Once again, the comic book script writers must have been at work as Michael Thomas made his Liverpool debut (as a 56th minute substitute for Jan Molby) against Tottenham in a 2-1 win at White Hart Lane. This was only two days after his transfer on December 18th, 1991. As the New Year began, his Liverpool career started to take off, with him scoring the only goal in a 1-0 win over Oldham. His next goal came almost two months later, and again was a vital one in a 1-0 win, this time against Aston Villa in the FA Cup quarter-final. It was a superb individual effort from Barnes who played the ball through to him as Thomas made a characteristic run on to it, and scored in front of the Kop. Liverpool were well out of the title race by this time, and so the FA Cup was the only chance of silverware for the season. Two more goals came for Michael Thomas that season in league play, but it was the FA Cup final against Sunderland where he wrote himself into Liverpool legend.

Liverpool versus Second Division Sunderland in the FA Cup Final should have been an easy task for the Reds, but having experienced the reality of Wimbledon a few years earlier, nothing was going to be taken for granted. In spite of a few quality chances in the first half, it remained scoreless at the break. Within two minutes of the restart, Steve McManaman chipped the ball into the box from the right wing, where Thomas was ready to turn as he allowed the ball to bounce in front of him, and then volleyed a superb shot into the far corner of the net. John Motson’s commentary summed it up as ‘œ’¦ and that goes down as one of the finest Cup Final goals.’ He also played the decisive ball through for Ian Rush to score the second in a relatively easy 2-0 win for Liverpool, earning them their fifth FA Cup and Souness’s only trophy during his tenure with the Reds.

The following season was not nearly as successful with several injuries keeping him sidelined much of the time. The season finished for him in January when he snapped an Achilles tendon, and was still recovering from that at the end of the year. By the time he returned he was only able to make seven appearances for the remainder of the season.

The 1992 FA Cup medal was the first of two major honours with Liverpool, as he also earned a medal as an unused substitute for the 1995 League Cup victory. By that time Graeme Souness had resigned and Roy Evans had been appointed as the new manager. At least the 1994-95 season was an improvement over the previous one with Thomas making a total of twenty nine appearances. The 1995-96 season was his best so far at Liverpool, as he stayed injury-free for the entire season. His partnership with John Barnes was working well, with Barnes attacking and Thomas breaking down the opposition’s attacks. It was a serious disappointment for him not to be named in the starting eleven for the 1996 FA Cup final against Manchester United, and he had to settle for playing the last five minutes, just one minute after Liverpool conceded the only goal of the match.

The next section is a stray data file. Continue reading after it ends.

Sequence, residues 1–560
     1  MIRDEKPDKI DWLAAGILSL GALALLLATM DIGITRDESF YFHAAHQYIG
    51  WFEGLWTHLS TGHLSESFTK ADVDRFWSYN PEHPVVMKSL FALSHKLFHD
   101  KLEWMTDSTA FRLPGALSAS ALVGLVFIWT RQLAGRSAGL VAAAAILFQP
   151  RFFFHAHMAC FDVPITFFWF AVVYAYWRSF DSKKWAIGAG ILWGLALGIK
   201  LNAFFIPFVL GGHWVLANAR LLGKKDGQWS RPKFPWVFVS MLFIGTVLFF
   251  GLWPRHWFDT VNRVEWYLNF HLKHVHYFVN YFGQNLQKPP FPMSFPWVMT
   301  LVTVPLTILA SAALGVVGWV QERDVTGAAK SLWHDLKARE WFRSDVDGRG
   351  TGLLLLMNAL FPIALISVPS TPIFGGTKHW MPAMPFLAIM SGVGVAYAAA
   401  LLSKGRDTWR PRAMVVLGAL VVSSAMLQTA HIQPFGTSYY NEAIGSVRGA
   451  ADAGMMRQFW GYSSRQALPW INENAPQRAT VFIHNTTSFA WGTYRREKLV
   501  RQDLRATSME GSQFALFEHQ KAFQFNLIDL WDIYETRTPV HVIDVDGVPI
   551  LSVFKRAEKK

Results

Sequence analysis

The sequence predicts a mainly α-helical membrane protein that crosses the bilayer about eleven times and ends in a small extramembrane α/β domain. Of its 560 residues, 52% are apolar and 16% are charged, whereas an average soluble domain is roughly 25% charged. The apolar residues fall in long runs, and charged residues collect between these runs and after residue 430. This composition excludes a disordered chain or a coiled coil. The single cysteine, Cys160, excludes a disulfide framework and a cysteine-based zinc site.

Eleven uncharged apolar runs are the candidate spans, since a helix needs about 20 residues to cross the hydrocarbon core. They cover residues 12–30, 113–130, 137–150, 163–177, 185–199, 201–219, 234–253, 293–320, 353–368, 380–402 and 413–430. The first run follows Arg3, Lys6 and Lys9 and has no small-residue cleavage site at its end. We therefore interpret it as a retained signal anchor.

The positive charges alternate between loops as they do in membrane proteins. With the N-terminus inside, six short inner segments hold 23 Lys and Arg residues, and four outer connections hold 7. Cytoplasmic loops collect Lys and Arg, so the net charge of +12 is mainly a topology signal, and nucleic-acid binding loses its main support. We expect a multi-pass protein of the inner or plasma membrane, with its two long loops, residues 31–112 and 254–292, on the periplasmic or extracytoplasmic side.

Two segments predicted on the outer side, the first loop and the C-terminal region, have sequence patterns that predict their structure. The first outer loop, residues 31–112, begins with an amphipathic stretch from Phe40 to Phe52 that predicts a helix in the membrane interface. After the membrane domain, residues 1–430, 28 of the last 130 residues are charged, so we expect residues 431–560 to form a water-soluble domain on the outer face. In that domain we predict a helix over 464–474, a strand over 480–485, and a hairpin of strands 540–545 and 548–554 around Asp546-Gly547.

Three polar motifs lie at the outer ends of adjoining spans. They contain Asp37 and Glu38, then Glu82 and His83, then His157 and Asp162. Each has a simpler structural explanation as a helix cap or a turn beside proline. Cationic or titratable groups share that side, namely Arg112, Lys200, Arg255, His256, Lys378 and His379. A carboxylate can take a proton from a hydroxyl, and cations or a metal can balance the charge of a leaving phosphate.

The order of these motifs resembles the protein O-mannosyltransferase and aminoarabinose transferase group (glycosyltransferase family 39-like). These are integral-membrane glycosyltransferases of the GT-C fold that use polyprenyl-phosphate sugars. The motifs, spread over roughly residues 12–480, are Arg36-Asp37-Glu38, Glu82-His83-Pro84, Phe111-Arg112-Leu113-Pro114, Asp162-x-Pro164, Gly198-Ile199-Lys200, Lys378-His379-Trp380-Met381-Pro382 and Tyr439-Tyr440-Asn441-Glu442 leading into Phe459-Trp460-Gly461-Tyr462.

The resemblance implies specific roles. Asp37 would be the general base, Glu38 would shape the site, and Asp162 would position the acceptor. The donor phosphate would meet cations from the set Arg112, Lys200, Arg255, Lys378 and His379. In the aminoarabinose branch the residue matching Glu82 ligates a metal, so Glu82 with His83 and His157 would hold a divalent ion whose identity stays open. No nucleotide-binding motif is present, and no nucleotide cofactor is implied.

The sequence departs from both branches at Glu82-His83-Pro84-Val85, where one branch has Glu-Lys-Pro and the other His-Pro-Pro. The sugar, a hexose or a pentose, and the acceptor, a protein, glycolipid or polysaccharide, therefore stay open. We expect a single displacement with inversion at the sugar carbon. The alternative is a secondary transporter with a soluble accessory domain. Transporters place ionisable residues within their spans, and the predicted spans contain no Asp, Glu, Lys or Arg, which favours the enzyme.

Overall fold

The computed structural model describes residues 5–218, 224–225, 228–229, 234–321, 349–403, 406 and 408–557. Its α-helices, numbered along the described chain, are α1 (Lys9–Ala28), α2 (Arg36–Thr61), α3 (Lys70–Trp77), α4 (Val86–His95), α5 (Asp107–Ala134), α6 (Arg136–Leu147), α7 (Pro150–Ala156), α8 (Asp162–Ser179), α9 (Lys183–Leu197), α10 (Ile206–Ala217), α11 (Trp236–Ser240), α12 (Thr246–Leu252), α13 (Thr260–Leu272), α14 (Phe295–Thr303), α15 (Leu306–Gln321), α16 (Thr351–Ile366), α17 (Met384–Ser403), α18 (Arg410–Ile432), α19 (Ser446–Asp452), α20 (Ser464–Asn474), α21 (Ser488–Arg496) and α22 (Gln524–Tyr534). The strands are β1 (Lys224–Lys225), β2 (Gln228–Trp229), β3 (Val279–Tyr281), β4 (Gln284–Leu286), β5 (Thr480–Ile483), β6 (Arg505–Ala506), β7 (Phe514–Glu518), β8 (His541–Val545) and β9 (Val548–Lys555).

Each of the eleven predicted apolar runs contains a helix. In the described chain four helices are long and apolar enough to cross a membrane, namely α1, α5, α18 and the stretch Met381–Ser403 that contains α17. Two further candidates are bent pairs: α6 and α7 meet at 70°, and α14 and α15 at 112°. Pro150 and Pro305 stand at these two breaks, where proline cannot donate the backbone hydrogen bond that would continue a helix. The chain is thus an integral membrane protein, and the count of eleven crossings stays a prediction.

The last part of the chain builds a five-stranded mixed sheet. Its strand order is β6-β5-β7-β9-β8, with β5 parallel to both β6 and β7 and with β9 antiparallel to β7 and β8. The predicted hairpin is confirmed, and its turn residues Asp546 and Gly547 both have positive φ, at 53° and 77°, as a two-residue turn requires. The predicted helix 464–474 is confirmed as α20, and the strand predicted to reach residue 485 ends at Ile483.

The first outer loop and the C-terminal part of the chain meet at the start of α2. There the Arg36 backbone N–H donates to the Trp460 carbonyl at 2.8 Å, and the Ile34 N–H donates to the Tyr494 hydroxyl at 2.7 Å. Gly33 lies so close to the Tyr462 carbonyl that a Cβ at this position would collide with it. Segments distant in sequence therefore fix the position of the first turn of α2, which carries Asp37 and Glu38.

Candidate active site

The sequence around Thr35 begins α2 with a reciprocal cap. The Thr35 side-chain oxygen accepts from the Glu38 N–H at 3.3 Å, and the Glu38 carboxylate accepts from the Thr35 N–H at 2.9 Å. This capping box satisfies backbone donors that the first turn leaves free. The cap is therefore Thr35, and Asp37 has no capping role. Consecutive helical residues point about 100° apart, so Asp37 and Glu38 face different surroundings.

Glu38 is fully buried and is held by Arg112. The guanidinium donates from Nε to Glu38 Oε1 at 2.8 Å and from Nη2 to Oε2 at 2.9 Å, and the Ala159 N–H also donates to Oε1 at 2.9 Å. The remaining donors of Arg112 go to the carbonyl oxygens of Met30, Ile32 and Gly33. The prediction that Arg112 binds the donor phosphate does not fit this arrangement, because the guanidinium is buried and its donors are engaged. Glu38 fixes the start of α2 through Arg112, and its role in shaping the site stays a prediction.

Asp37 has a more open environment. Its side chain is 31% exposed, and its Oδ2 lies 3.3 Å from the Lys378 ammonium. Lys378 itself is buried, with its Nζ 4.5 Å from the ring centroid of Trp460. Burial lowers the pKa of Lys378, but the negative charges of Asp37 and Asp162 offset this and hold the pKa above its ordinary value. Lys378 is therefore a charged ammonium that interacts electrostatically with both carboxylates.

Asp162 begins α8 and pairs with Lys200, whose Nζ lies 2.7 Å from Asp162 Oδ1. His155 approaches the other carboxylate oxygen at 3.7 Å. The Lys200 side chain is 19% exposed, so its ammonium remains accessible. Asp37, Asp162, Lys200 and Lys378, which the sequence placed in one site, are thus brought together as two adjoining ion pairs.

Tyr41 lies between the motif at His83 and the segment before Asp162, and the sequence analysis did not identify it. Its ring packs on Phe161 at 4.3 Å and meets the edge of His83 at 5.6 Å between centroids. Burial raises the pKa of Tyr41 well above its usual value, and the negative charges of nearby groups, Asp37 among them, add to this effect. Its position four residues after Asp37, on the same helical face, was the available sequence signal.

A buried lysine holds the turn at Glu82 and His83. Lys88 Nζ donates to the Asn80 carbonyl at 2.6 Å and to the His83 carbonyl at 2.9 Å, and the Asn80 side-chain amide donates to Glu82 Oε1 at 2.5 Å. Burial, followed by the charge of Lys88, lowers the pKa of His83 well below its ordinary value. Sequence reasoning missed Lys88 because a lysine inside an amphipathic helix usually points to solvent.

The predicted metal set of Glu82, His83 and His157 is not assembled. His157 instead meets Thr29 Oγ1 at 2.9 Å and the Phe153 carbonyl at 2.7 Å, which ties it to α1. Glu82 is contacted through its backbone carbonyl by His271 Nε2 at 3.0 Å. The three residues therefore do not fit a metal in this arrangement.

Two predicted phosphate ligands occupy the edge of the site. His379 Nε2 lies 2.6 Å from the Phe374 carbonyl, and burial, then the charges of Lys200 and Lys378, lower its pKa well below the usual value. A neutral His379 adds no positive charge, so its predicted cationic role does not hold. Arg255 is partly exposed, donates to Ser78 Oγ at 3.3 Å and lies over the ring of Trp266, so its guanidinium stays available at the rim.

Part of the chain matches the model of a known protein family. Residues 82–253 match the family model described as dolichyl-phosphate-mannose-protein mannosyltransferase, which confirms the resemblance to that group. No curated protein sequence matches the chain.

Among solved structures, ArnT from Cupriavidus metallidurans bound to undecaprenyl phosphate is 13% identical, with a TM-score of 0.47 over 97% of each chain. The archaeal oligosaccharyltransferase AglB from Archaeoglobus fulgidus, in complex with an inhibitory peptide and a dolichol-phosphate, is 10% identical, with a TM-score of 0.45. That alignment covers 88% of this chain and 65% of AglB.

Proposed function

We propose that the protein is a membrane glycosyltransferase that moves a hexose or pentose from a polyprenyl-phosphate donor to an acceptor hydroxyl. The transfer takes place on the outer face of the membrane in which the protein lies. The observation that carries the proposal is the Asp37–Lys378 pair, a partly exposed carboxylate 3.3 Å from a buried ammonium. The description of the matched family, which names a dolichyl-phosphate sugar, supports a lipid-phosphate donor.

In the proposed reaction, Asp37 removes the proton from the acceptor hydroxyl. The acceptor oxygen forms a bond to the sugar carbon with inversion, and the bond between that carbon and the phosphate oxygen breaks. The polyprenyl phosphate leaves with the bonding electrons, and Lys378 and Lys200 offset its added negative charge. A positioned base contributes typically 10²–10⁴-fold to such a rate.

He was also a regular in the 1996-97 side, but could not reproduce the form of the previous season. In February of 1998 he was loaned out to Middlesbrough, and then at the end of the season he moved on to rejoin his former manager Graeme Souness at Benfica. Unfortunately, as much as he was admired by Souness, Michael Thomas soon found himself in the reserves as Souness was replaced by Jupp Heynckes. He stayed on for two years before returning to England for a season with Wimbledon, and then retired from football in May 2001 after only nine appearances.

Even though he left Liverpool as a player in 1998, he remained a resident of Merseyside and has since returned permanently where he now runs a VIP security and chauffeur firm based in the Wirral. He has also remained loyal to the Reds, holding a season ticket for the main stand and was one of the many former players to travel as a Liverpool fan to Istanbul in 2005. He also plays for the Liverpool legends in the Masters Football six-a-side tournaments, even though he gets a lot of stick from former Arsenal players for his choice.

Michael Thomas’s last minute winner that snatched the title from Liverpool in 1989 may have sent a tremor through all of Anfield, but his later contributions as a Liverpool player were enough for him to be voted as number 83 in last year’s list of ‘œ100 Players Who Shook The Kop.’

Keith Perkins

More from This Is Anfield